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Thai artist uses sex workers’ hair to make social critique in BKK installation

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PHOTOS: Vivianne Chow

Thai artist, Imahathai Suwatthanasilp new work at the Bangkok Biennale has brought attention to the prostitution industry in Thailand. Through her work the artist critiques preconceptions on sex workers while highlight their prevalence.

Imahathai’s new work involved hair, specifically hair collected from a number of sex workers in Thailand. Her passion for hair started when her father was diagnosed with liver cancer in 2003 and he asked her to cut his hair. He had always grown his hair into four long ponytails, each of which represented one of his children. He had hoped that it could be a part of him his children could keep with him if ever he would have to leave them, he died in 2008.

Studying art at Silapakorn University she began to use her own hair as a medium for deeply personal artworks. Her new installation titled Good Girls Go to Heaven, Bad Girls Go Everywhere is currently on display at the Biennale (taking place until February 3 in 20 venues across Bangkok) involves weaving the hair of Thai sex workers around 174 parts of a vintage sewing machine.

With a population of 70 million, it is estimated that there are around 800,000 to 2 million sex workers in Thailand. Often perceived to be generally accepted, prostitution remains illegal in Thailand.

Under a 1996 Thai law, there is no offence for the customer but the sex worker can be fined for offering his or her services and on top of that receive up to a month in jail for working at a sex establishment.

Recent government discussion are moving to the notion of abolishing or regulating the business creating protective measure for the work force rather than current punitive ones. Sex workers have shared their opinion and agree that the trade should be legalised and the government should create worker ID’s so they can be identified and protected like other occupations.

For her current art work Suwatthanasilp reached out to the Empower Foundation in Chiang Mai. They provide support for those who work in the sex industry, fight for the decriminalisation and offer protection to the workers while helping them to learn new skills.

The sewing machines were part of one initiative to help provide an alternative source of income for the sex workers. People were kind enough to donate sewing machines but the organization notes they always came with a label of expected ‘salvation’.

Prostitution is deemed as a bad career choice, and all sex workers are under pressure to work in a ‘acceptable’ job. Suwatthanasilp’s works has the hair of the workers shaped into leaves, grass and flowers around the sewing machine parts portraying the birth of something beautiful, delicate and intricate being able to born out of cold metal.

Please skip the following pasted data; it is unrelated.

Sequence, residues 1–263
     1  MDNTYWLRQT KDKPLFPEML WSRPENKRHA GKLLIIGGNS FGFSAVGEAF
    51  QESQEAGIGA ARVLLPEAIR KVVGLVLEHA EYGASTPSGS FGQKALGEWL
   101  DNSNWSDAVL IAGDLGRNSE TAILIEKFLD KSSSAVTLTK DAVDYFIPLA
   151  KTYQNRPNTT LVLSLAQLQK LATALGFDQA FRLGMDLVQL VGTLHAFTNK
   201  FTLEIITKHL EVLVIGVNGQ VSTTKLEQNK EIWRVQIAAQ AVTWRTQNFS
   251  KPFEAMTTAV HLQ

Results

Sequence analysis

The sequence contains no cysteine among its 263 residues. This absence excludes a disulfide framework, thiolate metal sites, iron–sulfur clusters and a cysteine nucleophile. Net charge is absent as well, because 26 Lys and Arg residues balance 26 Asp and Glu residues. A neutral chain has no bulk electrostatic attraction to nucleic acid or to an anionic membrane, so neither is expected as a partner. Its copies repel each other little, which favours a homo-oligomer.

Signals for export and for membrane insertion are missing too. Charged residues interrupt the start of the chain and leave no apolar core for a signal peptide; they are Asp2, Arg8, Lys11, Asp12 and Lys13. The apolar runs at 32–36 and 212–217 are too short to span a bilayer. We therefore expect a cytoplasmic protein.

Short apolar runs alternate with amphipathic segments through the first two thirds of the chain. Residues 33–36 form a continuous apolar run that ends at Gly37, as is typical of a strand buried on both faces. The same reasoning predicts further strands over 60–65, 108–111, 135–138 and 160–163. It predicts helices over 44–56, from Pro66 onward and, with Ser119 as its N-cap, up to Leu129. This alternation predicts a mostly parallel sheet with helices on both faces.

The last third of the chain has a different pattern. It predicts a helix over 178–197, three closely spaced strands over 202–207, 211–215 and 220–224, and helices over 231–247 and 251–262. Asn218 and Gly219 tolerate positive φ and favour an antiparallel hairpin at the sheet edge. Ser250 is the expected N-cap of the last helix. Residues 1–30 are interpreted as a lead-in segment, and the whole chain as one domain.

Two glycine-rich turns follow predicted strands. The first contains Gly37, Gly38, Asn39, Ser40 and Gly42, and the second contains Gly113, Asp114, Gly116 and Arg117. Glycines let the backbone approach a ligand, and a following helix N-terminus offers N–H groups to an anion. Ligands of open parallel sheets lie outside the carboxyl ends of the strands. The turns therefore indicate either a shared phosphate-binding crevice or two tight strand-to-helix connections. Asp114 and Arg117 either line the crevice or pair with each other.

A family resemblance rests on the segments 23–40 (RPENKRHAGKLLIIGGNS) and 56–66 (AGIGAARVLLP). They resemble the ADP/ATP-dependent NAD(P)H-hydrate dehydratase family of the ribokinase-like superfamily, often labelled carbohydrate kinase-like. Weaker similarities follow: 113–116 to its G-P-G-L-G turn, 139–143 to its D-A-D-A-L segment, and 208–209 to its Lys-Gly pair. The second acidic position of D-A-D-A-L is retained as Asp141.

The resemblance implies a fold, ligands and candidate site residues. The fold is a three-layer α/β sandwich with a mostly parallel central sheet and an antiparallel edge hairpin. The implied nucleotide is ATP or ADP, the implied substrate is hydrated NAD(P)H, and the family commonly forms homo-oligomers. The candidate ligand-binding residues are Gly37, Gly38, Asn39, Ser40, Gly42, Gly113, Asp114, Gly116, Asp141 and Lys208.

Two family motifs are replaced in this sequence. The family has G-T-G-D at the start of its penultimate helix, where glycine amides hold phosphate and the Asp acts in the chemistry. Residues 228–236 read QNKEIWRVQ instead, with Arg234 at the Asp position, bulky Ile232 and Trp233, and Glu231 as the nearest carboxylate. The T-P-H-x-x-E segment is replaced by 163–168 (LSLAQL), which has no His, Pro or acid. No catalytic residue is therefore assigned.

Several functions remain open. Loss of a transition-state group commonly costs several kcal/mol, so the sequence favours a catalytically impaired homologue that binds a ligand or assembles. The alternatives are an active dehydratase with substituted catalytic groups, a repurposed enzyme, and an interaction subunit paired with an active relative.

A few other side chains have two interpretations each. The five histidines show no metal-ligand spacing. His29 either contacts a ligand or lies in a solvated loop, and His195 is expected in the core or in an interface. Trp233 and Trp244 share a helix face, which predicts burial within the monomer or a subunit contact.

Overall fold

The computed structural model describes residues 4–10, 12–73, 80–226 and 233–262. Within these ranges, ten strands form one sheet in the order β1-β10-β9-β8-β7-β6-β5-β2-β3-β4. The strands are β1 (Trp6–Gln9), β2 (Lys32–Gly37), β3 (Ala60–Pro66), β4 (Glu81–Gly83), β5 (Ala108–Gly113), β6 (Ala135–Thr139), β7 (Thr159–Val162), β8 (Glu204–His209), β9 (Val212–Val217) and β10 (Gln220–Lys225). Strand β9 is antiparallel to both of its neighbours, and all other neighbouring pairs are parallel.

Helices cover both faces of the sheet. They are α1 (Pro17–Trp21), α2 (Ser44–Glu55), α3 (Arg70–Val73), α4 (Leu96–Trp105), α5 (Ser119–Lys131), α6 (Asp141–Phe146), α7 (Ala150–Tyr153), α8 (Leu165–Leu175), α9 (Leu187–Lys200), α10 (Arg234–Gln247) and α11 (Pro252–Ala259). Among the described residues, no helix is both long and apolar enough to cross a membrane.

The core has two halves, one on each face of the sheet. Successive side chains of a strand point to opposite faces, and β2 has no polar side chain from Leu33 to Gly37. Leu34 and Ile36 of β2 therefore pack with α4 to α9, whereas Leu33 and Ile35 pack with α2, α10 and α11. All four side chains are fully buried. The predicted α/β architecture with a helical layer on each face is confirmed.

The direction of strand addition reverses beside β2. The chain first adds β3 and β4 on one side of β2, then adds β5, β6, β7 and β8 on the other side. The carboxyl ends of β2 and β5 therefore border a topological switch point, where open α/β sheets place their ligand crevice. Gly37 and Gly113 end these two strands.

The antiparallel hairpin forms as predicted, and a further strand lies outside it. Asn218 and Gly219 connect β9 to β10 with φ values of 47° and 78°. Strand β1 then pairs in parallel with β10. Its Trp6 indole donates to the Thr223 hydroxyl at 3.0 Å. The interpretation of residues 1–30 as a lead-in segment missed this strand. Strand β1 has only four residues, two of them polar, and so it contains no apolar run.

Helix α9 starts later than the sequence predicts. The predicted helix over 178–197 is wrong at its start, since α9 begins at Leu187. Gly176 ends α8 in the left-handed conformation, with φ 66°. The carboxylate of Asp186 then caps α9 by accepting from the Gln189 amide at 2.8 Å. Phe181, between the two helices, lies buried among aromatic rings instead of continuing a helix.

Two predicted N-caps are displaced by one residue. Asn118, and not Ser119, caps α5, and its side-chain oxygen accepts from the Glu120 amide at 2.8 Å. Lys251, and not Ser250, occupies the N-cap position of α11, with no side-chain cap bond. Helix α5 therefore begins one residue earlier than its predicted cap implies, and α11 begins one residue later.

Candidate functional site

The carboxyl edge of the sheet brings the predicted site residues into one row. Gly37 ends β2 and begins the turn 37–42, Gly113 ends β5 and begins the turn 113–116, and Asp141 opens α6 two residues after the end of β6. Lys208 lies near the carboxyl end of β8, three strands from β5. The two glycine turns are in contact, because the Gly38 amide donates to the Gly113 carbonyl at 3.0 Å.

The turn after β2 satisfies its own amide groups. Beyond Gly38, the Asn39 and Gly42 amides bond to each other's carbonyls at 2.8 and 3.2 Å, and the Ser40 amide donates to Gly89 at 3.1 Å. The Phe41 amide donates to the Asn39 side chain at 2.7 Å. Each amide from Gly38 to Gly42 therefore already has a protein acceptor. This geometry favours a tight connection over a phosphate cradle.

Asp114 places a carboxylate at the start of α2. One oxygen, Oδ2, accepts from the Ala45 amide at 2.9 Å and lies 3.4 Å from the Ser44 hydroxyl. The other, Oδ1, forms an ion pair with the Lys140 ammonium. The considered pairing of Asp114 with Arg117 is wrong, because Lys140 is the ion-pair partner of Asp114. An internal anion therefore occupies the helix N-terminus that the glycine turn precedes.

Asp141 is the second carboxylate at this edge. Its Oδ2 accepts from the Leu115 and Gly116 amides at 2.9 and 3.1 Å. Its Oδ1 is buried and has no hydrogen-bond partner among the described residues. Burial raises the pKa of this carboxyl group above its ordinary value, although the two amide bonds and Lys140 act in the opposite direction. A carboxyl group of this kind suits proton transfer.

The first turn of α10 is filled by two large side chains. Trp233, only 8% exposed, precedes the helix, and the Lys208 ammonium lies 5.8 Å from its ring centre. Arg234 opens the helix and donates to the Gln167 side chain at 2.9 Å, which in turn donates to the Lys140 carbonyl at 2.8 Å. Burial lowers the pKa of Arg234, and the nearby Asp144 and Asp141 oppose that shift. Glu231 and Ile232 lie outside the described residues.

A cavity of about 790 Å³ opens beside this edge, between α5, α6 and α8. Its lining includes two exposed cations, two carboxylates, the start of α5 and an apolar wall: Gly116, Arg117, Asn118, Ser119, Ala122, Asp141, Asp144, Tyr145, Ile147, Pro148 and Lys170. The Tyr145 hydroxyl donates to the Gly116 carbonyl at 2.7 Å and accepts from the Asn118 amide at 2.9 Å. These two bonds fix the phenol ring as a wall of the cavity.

Thai artist uses sex workers' hair to make social critique in BKK installation | News by Thaiger

“By changing the shape of the lifeless sewing machine parts into new and lifelike objects… I want to tell people that life is able to grow out of something cold, just like how sex workers survive the judgement of the society and social structure,” – Suwatthanasilp

Very few of the machines were used for their expected purpose, as many of the women had chosen to work in this dark industry as a means to provide for their family. One woman know by the artist said that she worked her whole life in the sex trade as it was the only way to put her kids through university.

Regardless of the negative connotations attached to their job description, many of these women love their families and will do the necessary to provide for them.

In some countries with legal prostitution social benefits have shown that incidents of rape have decrease due to the availability of the service, as well as lower the spreading rate of various sexually transmitted diseases. Keeping prostitution illegal is often pitched as a act for women, yes it only detrimental to an huge pre-existing industry.

Decriminalisation can provide measures of precaution for the worksas well as access to legal protections although many advocated will say that only once prostitution has been completely erased will women be ‘saved’ form the exploitation and violence associated with it.

From an outsiders point of view, the conundrum stems by the juxtaposition of allowing the industry to flourish and exist in Thailand while not being willing to provide any form of legal safety net for the workers. Whether regulations and and a new approach by authorities would help remains to be seen, but it could be a first small step in the right direction.

SOURCE: Time, Quartz

 

 

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